Just looking for another quick bit of advice. I grafted various apple and pear trees in the spring of this year (and the year previously). I grafted the scion about 1ft up the rootstock. My question is could i plant the root say with only 6 inches of that foot about the soil level? It means i would be planting some of the “trunk” of the rootstock below ground level…would this be ok? It seems like they woukd want to send out roots but judt wondering if it may rot ot cause disease issues?
Just to clarify, the graft union would be well above the soil. 6 inches above in my simplistic wee example.
Best wishes to you all as always,
I think your tree is going to hate you if you don’t leave some roots near the surface.
Agree with Nil. I would leave roots close to ground. In fact, experts recommend exposing root flares. You can google it. There are many discussions.
Depends on the rootstock and what a person is trying to do. Apples on standard rootstock like antonovka can be planted with the union below soil level if desired…so planting deep isn’t necessarily a bad thing. If the apple is on something like mm111, it will readily shoot out new roots even above the soil level…so a little deep again is not a big deal for that.
Thank you al. I appreciate the advice. The apples are on mm106. When i received some of the rootstocks they had their roots at the base of the stock and then they had about 4 inches of “root trunk” for lack of a better term, and then more roots coming from around that level. So with some of them part of the root was planted below the ground level. But yes, sounds as though it is better to keep them at the same level!
Just allow for “well enough” to include some more room for mulching. I didn’t do that. I was told 4" to 6", but I needed 8" to 10".
I could be wrong, but I thought for most trees, the idea was to keep the soil level at the same spot it was originally potted at. Otherwise you risk rotting.
Not necessarily on apples. An apple on standard rootstock can be planted with the graft union below the soil level if you want the variety on top to root (assuming a rootstock resistant to collar rot). It just depends on if you want the vigor of the top to take over. That may not be what you want if you have a variety on a dwarfing rootstock or some rootstock with some desired characteristic. A variety like Centennial is already dwarfing and might be grafted to a more vigorous rootstock, and then planted with the union above the soil level, not so much because of a concern about rot, but because you don’t want a very dwarfed tree.
It’s a shame that there isn’t ever a recipe in horticulture that covers all the variables. Traditional clonal rootstocks are propagated by stooling, which means soil is purposely piled up on tissue that developed in open air. They root out quickly and easily from such wood.
A bare root whip looses it’s fine roots when it is dug up anyway and even the small roots with suberin that don’t dry out easily aren’t really very important to the establishment of the tree. Most of the vigorous root growth comes directly from the root crown (just below trunk) in very young apple trees. Huge commercial orchards sometimes remove almost all the roots so they can easily mechanically plant the carrots they create- they wouldn’t do this if they lost substantial time in gaining productivity.
Now, more mature trees with thick roots are a different story- with them you generally don’t want to plant them any deeper than they were when dug up and you don’t want to loosen up the soil beneath them in a way that might make them sink below that point.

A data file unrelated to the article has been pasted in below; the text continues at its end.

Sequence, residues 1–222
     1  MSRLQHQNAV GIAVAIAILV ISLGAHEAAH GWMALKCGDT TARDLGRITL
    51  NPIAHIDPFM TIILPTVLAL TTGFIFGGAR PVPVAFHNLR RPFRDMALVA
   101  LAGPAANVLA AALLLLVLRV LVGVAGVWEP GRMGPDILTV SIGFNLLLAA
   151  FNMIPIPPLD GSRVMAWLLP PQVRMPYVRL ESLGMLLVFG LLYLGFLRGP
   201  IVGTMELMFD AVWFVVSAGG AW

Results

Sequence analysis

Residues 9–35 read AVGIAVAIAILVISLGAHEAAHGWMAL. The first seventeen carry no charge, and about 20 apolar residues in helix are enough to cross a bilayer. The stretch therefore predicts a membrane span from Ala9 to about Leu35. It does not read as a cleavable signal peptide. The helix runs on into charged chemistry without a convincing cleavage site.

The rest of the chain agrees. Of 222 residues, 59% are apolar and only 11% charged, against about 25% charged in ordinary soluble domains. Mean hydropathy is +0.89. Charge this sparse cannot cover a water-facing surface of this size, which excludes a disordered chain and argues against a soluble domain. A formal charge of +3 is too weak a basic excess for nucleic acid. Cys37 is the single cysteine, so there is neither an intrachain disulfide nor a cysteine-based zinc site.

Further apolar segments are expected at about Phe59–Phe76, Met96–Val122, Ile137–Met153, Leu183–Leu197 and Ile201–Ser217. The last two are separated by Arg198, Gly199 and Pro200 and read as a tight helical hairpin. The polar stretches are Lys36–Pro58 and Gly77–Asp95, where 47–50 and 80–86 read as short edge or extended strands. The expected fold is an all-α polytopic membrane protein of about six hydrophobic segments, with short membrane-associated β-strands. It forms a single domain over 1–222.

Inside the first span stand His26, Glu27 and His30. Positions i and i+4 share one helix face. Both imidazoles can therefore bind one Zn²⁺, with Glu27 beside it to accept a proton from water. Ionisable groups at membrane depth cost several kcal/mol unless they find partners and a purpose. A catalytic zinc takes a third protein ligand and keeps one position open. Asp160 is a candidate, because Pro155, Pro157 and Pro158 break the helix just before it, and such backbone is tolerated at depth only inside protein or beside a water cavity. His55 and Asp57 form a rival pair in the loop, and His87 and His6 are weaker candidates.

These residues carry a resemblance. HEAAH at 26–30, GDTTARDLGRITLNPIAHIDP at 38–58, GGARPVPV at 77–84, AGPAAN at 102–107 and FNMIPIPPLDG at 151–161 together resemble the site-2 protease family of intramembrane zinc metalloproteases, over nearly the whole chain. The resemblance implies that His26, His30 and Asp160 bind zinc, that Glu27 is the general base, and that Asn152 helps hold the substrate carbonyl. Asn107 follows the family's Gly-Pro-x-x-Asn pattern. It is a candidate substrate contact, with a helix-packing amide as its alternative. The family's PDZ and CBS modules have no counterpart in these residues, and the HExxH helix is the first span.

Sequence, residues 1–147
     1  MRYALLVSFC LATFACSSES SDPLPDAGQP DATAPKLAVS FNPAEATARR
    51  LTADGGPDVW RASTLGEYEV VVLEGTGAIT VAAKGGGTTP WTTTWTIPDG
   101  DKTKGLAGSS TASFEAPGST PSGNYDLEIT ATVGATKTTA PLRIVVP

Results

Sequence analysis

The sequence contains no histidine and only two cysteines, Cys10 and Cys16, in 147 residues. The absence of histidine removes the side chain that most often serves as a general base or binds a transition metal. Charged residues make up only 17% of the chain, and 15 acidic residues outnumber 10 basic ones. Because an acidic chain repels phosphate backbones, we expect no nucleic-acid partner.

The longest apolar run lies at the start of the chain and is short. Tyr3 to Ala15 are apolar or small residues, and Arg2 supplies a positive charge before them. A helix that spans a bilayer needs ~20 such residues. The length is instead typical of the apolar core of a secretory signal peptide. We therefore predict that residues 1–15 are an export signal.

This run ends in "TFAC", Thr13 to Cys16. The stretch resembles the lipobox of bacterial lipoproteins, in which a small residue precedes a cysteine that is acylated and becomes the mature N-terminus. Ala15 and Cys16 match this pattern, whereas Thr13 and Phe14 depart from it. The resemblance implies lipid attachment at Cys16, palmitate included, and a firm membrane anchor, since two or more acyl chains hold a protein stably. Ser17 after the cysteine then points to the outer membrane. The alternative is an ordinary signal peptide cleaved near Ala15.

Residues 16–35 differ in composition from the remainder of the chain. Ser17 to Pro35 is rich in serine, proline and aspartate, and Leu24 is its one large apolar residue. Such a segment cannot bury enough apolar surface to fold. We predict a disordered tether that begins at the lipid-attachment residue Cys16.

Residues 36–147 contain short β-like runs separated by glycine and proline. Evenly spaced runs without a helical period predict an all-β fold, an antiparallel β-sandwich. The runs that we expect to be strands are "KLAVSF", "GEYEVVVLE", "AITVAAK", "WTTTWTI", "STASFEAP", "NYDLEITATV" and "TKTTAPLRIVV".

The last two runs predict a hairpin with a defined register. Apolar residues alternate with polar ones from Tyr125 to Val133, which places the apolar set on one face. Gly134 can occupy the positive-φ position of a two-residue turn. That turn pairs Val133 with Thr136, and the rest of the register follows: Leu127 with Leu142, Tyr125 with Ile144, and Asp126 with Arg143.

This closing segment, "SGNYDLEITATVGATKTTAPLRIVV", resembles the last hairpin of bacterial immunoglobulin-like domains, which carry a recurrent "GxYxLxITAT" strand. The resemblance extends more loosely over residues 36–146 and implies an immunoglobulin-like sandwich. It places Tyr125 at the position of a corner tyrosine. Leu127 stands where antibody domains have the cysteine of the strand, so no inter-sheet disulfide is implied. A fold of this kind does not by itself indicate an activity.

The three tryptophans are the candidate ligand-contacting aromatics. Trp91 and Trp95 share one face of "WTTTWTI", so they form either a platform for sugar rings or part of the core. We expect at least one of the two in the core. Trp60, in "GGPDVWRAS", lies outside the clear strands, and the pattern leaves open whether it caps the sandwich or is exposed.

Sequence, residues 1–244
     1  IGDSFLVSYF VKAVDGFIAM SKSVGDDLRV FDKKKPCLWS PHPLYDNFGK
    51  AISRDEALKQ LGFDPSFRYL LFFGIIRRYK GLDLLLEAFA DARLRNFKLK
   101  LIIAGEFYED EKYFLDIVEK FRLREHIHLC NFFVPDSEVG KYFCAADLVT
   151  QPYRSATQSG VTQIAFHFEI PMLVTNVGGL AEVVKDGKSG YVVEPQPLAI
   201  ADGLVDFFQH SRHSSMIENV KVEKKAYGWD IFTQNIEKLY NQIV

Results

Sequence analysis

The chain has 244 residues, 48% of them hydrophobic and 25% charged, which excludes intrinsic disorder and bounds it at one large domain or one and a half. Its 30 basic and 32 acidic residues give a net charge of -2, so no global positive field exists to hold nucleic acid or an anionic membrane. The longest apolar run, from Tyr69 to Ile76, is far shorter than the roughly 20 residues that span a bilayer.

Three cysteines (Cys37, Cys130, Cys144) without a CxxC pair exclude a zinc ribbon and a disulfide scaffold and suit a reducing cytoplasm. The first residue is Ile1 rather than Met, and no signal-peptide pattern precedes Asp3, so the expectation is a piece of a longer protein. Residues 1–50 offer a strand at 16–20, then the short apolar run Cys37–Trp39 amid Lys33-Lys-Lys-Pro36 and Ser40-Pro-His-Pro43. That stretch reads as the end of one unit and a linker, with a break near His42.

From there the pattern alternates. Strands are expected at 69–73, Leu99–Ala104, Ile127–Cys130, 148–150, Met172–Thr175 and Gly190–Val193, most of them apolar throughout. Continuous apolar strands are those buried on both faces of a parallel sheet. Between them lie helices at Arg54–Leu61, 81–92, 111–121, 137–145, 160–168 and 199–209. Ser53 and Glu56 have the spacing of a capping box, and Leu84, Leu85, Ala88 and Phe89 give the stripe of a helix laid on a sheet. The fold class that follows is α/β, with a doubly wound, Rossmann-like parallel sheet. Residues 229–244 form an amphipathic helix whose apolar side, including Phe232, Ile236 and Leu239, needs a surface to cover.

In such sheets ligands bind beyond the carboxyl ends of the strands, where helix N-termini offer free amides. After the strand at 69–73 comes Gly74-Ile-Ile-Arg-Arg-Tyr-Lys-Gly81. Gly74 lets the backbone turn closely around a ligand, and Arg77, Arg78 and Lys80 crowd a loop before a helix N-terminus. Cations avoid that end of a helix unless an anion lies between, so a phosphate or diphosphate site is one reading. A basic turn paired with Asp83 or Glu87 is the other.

Of course, some apple varieties root out easily so you may lose the dwarfing affect if you plant a whip below the graft union. General instruction for nursery grown one-year trees not on dwarfing rootstock is to plant with soil right at the graft union to decrease the chance of breakage. That would be a bit below the level of soil when they were dug up so it contradicts the general warning about planting trees too deep. .
When i have been mulching other trees i normally always leave a small circle clear around the base. Do you normally just pile it right up against the trunk of the root?
No, but repeated application of mulch does build up to the point that you have a fairly deep well around the trunk. I don’t like to think about ice collecting there, so I try to keep the soil more level. I’ve switched to plastic mulch that I roll up and dispose of every fall.
Thanks! Learn something every day!
Thank you alan. Thag is what i am meaning. I don’t intend to plant the graft union below the soik only to bury some of the rootstock. This was my first attempts at grafting and i left the rootstocks fairly long, about 1ft, expecting failures and therefore allowing myself enough root to graft again the following year.
Anywah, when i received the roostocks they were in a bag and a fair few of them had a large bunch of roots at the back of the stock but some of them also had substantial roots coming from around 8 inches above the basal bunch.
It sounds like from your last paragraph that i would be able to bury some of the rootstock but just ensure that my union is above ground?
Thanks to everyone
That’s what i meant. However on the question of rootstock for grafts, I’ve no experience. Any setback of roots when putting on a graft could conceivably slow the growth of the graft or even cause it to fail. However, I’ve never purchased rootstocks and grafted them so I’m not the person to answer your question well.
What I do know is that grafts grow much more vigorously on well established root systems, just as a tree grows much more vigorously a year after it’s transplanted than the first year (if negative factors haven’t stunted it).
Commercial fruit tree nurseries usually graft on trees that haven’t been disturbed by transplanting.